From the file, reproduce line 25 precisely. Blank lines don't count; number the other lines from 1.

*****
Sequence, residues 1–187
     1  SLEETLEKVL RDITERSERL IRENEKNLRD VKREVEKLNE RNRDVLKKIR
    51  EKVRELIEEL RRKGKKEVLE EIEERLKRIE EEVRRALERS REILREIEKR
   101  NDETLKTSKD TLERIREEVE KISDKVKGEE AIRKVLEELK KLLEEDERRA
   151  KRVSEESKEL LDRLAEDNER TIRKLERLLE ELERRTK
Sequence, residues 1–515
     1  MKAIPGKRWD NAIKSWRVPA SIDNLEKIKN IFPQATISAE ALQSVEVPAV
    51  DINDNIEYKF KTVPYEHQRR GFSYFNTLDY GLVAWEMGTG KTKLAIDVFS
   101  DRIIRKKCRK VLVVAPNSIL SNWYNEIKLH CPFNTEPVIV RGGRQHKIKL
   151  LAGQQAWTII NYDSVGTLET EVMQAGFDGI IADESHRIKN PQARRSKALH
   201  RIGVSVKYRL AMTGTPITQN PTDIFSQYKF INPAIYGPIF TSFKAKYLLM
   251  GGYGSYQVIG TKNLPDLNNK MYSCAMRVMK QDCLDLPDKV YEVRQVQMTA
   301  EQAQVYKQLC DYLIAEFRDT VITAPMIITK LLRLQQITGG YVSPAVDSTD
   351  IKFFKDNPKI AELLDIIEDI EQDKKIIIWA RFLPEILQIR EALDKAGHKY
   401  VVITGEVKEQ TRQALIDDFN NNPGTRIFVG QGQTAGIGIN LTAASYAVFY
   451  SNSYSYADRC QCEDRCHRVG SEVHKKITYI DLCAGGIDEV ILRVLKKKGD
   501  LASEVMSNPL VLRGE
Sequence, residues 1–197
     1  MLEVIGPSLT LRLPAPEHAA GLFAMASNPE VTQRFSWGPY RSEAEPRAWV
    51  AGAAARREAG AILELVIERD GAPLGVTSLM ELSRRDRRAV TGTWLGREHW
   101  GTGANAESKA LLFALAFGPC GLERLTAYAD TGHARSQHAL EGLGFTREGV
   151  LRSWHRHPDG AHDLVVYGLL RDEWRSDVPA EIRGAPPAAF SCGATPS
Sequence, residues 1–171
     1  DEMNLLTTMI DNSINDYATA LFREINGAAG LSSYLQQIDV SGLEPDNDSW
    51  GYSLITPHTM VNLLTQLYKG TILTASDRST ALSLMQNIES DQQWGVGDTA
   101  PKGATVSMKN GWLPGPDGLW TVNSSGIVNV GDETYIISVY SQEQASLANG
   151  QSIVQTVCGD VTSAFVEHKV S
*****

    51  GYSLITPHTM VNLLTQLYKG TILTASDRST ALSLMQNIES DQQWGVGDTA